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That"s what destroys you more than anything. How you get so wound down that you can turn on another human being because you cannot take the pain anymore. And I loved her for that because that takes guts to say that. When the whole world"s press is saying, !Give us the story," and they line up Nicole Kidman to play the part, !Give us the story of how you stood up to these men who were raping you every night," and of course the woman could not take it. Nobody can. For me, politically, spiritually and philosophically, I think that is more important to look at because that really tells us something about the human condition. If you take that as a given, as opposed to the Hollywoodisation of the human spirit, it shows that when you give in then you realise what oppressors really do and why you have got to stop them. Because as we have seen in Rwanda, Kosovo, Zimbabwe, everywhere, once you put an oppressor in you are incapable of anything. Particularly for those of us in our forties, it never seems to amaze you how there are new means of oppression, torture and abuse. You had to laugh about Abu Ghraib because they were doing that in Belfast in the sixties. Talk to the Palestinians, talk to the older Israelis about what the Brits were doing to them in 1947. The press tells us that this is new and this is terrible. Wake up and smell the fucking blood. You have been outspoken about the treatment of asylum seekers in Scotland and their detention at Dungavel. Was that a factor in being involved with this film? Immigration is going to be the big issue for the next two or three generations. It"s a twenty-first century issue – the mass movement of people who are poor and want better lives. The immigration in this was huge to me. Paul does his research very thoroughly and I was in no doubt about the accuracy of the stories I had heard about black Africans being thrown overboard like pieces of meat. Before I came over I met a captain on a cargo ship in Greenock, it was an entirely Indian crew. He was a lovely guy and I asked him about the truth to these

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stories and he replied, !Obviously in my case no. We get stowaways all the time. If they are willing to work they work, if they are not willing to work then they go in the hold, which is pretty unpleasant. And there"s a lot of paperwork at the other end. A lot of countries won"t take them because they have thrown away all their papers." Paul really tapped into the discrimination between a white stowaway and a black stowaway. If a white stowaway is found washed up on land then questions are going to be asked, the papers might even report it. Unfortunately, in our racist culture, five or six black people being found wouldn"t even merit a mention. In relation to Scotland, Dungavel is one of the great modern scandals. Ten years ago if you said to me that our country would be locking people up for being victims of torture and abuse I would say that you have got to be fucking kidding me. We don"t do that sort of thing. The Scots are traditionally a very welcoming kind of nation. I"m not saying they"re perfect, but I have found a lot less racism in Scotland than I have found in other white continental countries. That"s not to say it"s not there, but, on the whole, I think that the Scots are pretty hung up about justice and the majority are saying, !This guy is here because he has been wronged. Nine times out of ten he was wronged by systems that our government is supporting." In the film Paul goes to great lengths to stress the difference. Although there is never a suggestion that Brookes and the guys are racist, which I liked, it"s just that your collateral is substantially reduced according to the colour of your skin. What are you acting in next? I go to Boston to do a film with Martin Scorsese, DiCaprio, Damon and one mister Jack Nicholson. I"ve only got one scene with Jack, as I can now call him. Most of my scenes are with DiCaprio and Damon. It"s cool, but, to be honest, I was not going to do it. When it was first put to me it was twenty weeks in America. So I drafted out a letter saying that I had already been away from my weans for 7 weeks and I cannae bear it. Much as I love to see different cultures, that length of time is just too much. Anyway the agents went back and forth and the money goes up, blah blah blah, although the money had nothing to do with it because the money I made on this will buy me enough time to write until August or September. Me and the missus are very careful, we don"t live flashily so that I don"t need to be away that much, we try and avoid the middle class trap of a holiday home and all that shit. We"ve got one house and one motor, that"s it. Then the agent came over last week and she said, !You are working seventeen days, that"s the total you are working. And you won"t be away for longer than seven weeks. In the contract they"ve put four first class tickets so you can get back four times. You"ll be back for five weeks and then away again for four, etc." When she first told me I imagined twenty weeks in Boston. It"s weird. If someone ever says, !Will you do a film with Martin Scorsese?" you"d think, !Fuck the weans, fuck everything – I"m doing it." But I"m forty-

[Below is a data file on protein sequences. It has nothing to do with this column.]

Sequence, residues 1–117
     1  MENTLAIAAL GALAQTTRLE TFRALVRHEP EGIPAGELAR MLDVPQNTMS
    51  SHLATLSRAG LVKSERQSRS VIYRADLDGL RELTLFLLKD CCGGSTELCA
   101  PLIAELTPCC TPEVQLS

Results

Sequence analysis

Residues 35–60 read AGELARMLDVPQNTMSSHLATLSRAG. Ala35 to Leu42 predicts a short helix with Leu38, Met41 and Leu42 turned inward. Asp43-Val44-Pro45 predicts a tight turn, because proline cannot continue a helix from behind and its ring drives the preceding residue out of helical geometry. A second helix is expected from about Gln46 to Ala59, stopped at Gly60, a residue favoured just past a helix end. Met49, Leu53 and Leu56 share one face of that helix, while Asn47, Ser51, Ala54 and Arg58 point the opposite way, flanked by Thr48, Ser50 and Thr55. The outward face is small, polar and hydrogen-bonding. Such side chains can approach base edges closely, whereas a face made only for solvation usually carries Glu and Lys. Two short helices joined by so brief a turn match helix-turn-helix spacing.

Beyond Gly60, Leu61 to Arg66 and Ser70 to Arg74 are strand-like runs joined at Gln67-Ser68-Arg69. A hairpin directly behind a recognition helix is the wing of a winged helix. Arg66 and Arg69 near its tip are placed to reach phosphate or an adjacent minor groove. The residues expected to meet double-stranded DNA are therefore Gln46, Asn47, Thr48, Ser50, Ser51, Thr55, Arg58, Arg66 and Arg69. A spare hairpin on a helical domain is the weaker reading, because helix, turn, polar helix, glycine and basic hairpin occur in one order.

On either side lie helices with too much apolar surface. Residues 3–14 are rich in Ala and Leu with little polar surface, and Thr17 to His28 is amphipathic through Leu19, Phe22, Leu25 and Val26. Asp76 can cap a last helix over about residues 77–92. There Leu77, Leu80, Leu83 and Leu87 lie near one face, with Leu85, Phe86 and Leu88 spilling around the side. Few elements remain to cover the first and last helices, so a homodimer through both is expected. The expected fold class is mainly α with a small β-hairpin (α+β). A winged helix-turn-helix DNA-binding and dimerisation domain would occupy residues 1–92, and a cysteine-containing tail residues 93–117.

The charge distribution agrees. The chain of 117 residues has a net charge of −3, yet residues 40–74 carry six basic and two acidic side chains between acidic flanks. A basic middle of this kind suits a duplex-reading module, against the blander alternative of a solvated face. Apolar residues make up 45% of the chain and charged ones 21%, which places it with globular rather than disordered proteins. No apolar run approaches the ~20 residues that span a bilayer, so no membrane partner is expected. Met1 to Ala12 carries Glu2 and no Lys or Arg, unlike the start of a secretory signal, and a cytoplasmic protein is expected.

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five and your weans only grow up once and you think, !Even for Marty it has to be something that will be alright with the weans." What other projects are you working on? I"m up to play James Connolly. I was over in Dublin just before Christmas and they"re fighting the good fight to get the money to make it. It"s a cracking script and I was a big Connolly fan from teenage years when I first read his work and his biography. What stunned me when I was over in Ireland was how few people had a clue that he was Scottish and that the tricolour was down to him. And any plans to direct? I"ve got between 27 and 31 ideas. Whatever one makes you think that you can spend the next year trying to get the money. Because it"s 24/7, and because it is your heart and soul, it must mean a lot to you on every different level. And you have to know that, as much as I love film festivals, I came into cinema to reach as many people as I can and I will not abandon my family and class to the proto-fascism that you get in the multiplexes and that"s what I loved about this script because Paul feels the same as I do. If the politics become subtler, so be it. Other times we can be more blatant, like with James Connolly, a film about a man who fought back against the British Empire and gave his life for that cause. That is an overtly political film and with a bit of luck we"ll get the money. How it does at the box office, who knows, but at least we"re finding the forms and banging on the door.

Cargo is due for release in 2006.

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Interview peter mullan iss18